By Bob Condor

Among its impressive pursuits as a private consumer watchdog organization, the Washington, D.C.-based Environmental Working Group has been at the forefront of what has to be our most urgent public health issue: Toxins in children.

EWG’s latest report is among the most disturbing of its findings to date. In a study of 20 teenage girls from eight states and D.C., scientists uncovered 16 toxic chemicals in their blood and urine. The chemicals, no big surprise, are common in cosmetics and body care products.

Hmm, cosmetics, body care products, teen girls, danger, potential disaster. The substances included preservatives, fragrances and antimicrobial chemicals that altered hormone levels in the girls.

That is no sweet 16.

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“Hormone-altering chemicals shouldn’t be in cosmetics, especially in products used by millions of teenage girls,” said Rebecca Sutton, Ph.D., author of the report and staff scientist at EWG. “Their bodies are still developing and may be especially vulnerable to risks from these exposures.”

The girls the study were 14 to 19 years old (though it is not hard to imagine a significant number of girls as young as, what, 10 or 11, using such cosmetics and body care products, including skin lotion and shampoo. Along with adolescence affecting the reproductive or hormonal systems, this age level is a peak period for rapid bone growth, significant shifts in metabolism and key changes in brain function.

Researchers, who are reluctant to form consensus on most all scientific inquiry, all agree that toxins are most damaging to children and teens, the former because of the smaller body size and blood volume and the latter because it is such a sensitive period for hormonal development.

While parents of teens might be unfazed, it still seems astounding that the girls in the study (across various ethnicities and cultures) used an average of nearly 17 personal care products per day that contain a total of 174 unique cosmetic ingredients. The typical American woman uses 12 such products each day. The EWG researchers speculated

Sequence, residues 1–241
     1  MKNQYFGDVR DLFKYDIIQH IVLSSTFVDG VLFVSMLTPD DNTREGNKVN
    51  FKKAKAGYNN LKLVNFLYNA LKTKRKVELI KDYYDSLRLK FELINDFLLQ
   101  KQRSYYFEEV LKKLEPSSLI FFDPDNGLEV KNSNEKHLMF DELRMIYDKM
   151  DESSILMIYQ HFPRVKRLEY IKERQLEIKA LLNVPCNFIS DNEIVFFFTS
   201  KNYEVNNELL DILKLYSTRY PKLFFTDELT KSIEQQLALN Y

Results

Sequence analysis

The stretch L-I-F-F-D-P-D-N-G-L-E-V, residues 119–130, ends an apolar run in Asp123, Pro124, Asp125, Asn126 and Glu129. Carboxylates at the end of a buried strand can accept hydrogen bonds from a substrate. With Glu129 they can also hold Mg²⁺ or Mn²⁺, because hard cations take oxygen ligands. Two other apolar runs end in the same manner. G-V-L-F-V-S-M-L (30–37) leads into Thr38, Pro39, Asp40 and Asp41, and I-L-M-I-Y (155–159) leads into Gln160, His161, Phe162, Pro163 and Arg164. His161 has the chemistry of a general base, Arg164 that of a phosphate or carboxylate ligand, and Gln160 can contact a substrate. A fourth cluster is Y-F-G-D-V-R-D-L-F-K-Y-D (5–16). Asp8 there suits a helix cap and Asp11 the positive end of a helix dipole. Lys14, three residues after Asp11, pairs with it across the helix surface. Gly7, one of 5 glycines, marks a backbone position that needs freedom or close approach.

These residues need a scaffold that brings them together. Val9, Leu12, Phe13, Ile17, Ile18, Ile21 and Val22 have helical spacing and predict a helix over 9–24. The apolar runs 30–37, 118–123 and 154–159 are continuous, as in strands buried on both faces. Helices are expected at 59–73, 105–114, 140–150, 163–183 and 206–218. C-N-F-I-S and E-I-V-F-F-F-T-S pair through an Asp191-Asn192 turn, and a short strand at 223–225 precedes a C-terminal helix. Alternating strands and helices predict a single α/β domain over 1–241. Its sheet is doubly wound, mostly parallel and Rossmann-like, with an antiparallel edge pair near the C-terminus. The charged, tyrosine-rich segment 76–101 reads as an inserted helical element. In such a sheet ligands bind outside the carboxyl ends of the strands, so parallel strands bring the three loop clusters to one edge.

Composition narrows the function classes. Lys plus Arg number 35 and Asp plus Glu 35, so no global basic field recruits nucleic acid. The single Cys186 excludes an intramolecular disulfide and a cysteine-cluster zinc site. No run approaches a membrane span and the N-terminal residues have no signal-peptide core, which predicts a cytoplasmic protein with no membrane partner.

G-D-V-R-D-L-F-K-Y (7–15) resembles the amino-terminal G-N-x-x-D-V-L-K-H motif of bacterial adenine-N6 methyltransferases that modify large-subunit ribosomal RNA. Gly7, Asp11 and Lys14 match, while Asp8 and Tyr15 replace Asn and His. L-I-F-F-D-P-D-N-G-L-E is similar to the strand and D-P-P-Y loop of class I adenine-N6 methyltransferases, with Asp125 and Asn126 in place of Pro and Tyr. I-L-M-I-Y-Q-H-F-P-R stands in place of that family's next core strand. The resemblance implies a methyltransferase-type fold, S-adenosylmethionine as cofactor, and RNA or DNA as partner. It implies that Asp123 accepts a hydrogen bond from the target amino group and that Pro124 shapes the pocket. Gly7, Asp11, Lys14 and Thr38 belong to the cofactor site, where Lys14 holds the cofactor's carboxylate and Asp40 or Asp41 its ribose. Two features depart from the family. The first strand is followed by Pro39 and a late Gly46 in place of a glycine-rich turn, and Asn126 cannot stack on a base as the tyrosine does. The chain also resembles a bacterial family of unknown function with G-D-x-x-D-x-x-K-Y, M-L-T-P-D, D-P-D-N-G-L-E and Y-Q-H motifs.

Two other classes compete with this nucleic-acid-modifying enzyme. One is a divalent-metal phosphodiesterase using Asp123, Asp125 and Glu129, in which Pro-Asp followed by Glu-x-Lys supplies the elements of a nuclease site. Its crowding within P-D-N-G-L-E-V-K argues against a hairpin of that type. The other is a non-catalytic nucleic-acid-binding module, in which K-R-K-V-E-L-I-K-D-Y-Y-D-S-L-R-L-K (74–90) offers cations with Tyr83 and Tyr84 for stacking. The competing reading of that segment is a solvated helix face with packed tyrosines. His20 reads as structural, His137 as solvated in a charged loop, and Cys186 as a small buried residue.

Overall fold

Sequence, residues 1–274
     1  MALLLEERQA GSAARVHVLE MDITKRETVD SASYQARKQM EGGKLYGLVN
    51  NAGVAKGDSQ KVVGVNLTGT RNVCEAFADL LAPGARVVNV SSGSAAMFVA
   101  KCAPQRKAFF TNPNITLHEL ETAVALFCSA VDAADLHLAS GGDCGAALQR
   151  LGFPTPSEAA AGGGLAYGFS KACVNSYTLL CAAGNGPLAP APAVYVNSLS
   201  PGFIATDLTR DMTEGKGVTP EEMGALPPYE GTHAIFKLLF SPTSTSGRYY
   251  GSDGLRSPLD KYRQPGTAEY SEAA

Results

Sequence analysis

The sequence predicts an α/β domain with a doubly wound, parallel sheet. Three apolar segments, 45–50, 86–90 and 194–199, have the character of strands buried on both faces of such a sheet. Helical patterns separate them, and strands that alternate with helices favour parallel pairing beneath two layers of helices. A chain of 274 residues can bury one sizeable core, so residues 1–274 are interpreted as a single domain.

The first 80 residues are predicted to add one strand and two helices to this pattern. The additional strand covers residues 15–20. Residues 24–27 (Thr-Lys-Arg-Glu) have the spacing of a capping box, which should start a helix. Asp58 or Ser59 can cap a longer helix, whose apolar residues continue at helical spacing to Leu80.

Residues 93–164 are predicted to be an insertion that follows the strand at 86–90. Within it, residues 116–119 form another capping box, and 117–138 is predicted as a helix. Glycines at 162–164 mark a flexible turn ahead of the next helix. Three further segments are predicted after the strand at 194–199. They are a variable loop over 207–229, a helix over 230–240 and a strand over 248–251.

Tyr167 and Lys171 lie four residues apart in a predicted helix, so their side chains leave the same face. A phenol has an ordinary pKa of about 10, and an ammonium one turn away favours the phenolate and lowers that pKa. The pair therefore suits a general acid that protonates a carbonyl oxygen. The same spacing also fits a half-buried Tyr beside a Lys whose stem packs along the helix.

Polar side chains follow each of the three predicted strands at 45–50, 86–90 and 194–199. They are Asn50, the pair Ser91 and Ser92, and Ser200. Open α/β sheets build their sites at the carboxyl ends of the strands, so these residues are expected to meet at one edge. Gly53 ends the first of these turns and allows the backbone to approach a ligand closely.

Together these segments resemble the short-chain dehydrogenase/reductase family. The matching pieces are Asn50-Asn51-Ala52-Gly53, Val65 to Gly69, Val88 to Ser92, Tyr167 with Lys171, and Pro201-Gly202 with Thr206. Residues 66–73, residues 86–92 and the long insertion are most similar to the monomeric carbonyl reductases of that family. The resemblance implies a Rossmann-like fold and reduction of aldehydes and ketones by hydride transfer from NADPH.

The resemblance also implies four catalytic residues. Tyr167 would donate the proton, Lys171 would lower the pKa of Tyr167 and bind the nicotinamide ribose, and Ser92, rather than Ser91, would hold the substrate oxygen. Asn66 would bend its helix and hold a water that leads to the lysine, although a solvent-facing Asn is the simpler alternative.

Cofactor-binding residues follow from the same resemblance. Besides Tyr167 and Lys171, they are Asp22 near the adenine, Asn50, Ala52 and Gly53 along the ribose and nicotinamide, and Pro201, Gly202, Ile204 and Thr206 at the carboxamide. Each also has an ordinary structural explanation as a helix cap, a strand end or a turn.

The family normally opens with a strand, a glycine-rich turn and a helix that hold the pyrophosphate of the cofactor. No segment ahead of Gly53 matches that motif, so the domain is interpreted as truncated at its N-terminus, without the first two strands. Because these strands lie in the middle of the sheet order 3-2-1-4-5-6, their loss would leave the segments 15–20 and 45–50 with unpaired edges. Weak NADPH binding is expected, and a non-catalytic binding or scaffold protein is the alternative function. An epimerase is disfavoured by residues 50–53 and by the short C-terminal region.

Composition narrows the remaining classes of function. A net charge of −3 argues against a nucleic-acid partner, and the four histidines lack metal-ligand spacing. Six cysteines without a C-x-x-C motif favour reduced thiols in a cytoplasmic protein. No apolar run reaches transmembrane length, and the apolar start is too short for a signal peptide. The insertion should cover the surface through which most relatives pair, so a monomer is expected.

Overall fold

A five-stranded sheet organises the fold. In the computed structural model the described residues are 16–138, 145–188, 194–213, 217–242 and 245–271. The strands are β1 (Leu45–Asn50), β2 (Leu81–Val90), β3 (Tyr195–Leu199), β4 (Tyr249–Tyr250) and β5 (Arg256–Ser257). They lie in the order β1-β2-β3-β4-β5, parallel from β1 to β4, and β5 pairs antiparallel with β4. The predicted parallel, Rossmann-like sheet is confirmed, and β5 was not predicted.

that teenage girls are habitual experimenters when it comes to beauty and body care products. In the process, they are unwittingly exposing themselves to even more potential toxins.

The study is the first of its kind, and, by all accounts, created awareness among the 20 teens and their parents. Among the facts they learned is that the federal government does not require companies to test its products or ingredients for safety before going to market. Products are only pulled if proven to be harmful to consumer health in a process that puts the burden on customers and not the companies.

“Most parents don’t know that the eyeliner, lipstick or shampoo they allow their daughters to use probably contains at least one chemical linked to a number of serious health concerns,” said Sutton. “Teenage girls are at a particularly vulnerable age and these exposures could trigger a subtle sequence of damaging effects that leads to health problems later in life.”

Check out’s “Skin Deep” online database for more information about products that are considered safe or not. Honestly, it should be just the first step in protecting teen bodies from toxic invasion by way of cosmetics and body care product marketers. It’s time to be not only aware but active.

For its part, the primary trade association for cosmetics and personal care products, the Personal Care Products Council, answers that it reviews and assess the safety of all ingredients used in cosmetics. Yet the council’s chief scientists, John Bailey, said the U.S. Center for Disease Control and Prevention (CDC) statement is the detection of trace amounts of chemicals in the body does not mean that an individual is at risk for particular diseases or adverse health conditions.

And that should worry us all, whether we have teen daughters or not.

“Bob Condor is the Daily Health Blogger for Barton Publishing . He is also the Living Well columnist for theSeattle Post-Intelligencer . He covers natural health and quality of life issues and writes regularly for national magazines, including Life, Esquire, Parade, Self, and Outside. He is a former syndicated health columnist for the Chicago Tribune and author of six books, including “The Good Mood Diet” and “Your Prostate Cancer Survivors' Guide.” He lives in the Pacific Northwest with his wife and two 11-year-old kids.